Washington: UN envoy Esmail Ould Shaikh Ahmad, told a panel of the Middle East Institute in Washington that Saudi Arabia and the United Arab Emirates, the principal fighting forces in the coalition, have valid concerns about “the continued import of arms flowing through Hodeidah and illegal taxation of commercial imports by Al Houthis.”

He warned that any military action in the area would “need to take into account the need to avoid any further deterioration in the humanitarian situation.”

The World Food Programme said earlier this month that the governorates of Taiz and Hodeidah risked slipping into famine if they did not receive more aid.

The International Rescue Committee has said any attack targeting the port would disrupt port facilities and “have a catastrophic impact on the people of Yemen.”

Yemen’s internationally-backed government says Al Houthis’ control of Hodeidah threatens international maritime navigation.

“Our government recognises the significance of Hodeidah’s port for aid delivery, and therefore rooting out Al Houthis will eliminate their destructive meddling in aid distribution,” Yemen’s ambassador to the United States, Ahmad Awad Bin Mubarak, said.

Ould Shaikh Ahmad and the United Nations have expressed concern over possible military action on Hodeidah.

The previous US administration of Barack Obama was wary of operations involving the port and last year rejected a proposal to assist its Gulf allies in a push to take control of it.

Yemen has been divided by two years of civil war that pits the Iran-backed Al Houthi militants against a Western-backed Arab coalition led by Saudi Arabia that is carrying out air strikes.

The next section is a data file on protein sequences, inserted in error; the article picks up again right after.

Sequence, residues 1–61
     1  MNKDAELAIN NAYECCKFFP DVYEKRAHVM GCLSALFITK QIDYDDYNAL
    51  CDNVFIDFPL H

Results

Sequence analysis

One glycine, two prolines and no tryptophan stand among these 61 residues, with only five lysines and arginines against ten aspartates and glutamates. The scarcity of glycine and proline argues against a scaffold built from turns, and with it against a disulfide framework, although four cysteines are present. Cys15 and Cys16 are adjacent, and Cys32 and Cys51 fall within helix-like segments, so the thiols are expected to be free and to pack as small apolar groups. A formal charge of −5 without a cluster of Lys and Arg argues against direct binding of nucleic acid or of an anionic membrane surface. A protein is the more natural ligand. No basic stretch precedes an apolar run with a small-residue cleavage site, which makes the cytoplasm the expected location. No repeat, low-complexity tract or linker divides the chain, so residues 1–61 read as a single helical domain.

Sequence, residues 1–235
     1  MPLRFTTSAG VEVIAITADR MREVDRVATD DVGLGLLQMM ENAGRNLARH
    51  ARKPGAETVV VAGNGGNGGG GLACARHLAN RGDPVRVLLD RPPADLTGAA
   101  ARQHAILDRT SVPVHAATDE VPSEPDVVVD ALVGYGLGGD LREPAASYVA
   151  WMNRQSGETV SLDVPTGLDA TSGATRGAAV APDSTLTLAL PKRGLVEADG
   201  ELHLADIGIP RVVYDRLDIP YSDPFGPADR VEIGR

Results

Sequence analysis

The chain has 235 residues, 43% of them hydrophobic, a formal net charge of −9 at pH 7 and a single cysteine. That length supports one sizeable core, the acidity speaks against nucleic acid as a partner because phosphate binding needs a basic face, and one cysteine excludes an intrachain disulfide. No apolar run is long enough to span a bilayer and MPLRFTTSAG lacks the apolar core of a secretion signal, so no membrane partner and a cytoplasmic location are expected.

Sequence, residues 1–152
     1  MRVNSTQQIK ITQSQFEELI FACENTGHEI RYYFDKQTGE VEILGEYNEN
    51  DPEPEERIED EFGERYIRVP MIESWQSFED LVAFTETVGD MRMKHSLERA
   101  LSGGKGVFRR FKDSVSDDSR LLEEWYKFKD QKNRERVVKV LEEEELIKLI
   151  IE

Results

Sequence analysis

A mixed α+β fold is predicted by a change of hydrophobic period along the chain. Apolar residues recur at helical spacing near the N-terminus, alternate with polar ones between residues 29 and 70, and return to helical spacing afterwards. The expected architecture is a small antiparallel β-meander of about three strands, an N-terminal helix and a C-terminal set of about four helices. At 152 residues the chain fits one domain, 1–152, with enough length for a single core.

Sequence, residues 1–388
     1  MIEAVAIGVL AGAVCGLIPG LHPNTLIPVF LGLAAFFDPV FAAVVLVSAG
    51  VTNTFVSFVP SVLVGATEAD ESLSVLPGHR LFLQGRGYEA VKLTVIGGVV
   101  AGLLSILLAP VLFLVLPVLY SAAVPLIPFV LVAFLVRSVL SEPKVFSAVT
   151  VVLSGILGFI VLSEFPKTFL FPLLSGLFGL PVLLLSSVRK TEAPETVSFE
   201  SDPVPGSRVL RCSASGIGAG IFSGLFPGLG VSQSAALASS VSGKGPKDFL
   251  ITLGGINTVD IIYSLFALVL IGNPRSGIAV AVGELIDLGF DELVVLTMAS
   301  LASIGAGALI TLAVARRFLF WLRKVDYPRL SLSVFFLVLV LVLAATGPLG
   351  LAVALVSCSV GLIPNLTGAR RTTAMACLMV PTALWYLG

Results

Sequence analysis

At least 10,000 people have been killed in the fighting.

The Red Sea port near the Bab Al Mandab strait is under the control of Yemen’s armed Al Houthi movement. The Bab Al Mandab is a waterway through which nearly 4 million barrels of oil is shipped daily.

The United States is considering deepening its role in Yemen’s conflict by more directly aiding the Saudi-led coalition and the proposed support could allow America to assist an eventual push on Hodeidah.

Yemeni president Abd Rabbo Mansour Hadi came to power in early 2012 after massive Arab Spring protests ousted Saleh.

He was forced to decamp to the city of Aden after escaping Al Houthi-imposed house arrest after the rebels took over the government in a coup in 2014.

Since then, Hadi shifted government headquarters to Aden from where he has led an offensive to liberate Al Houthi-occupied territories.

With help from the Saudi-led Arab coalition, it has achieved widespread gains in many provinces, but Al Houthis still control the capital Sana’a and most northern provinces including Hodeidah, Ibb, Mahweet, Yareem, Amran, Baydha and Hajja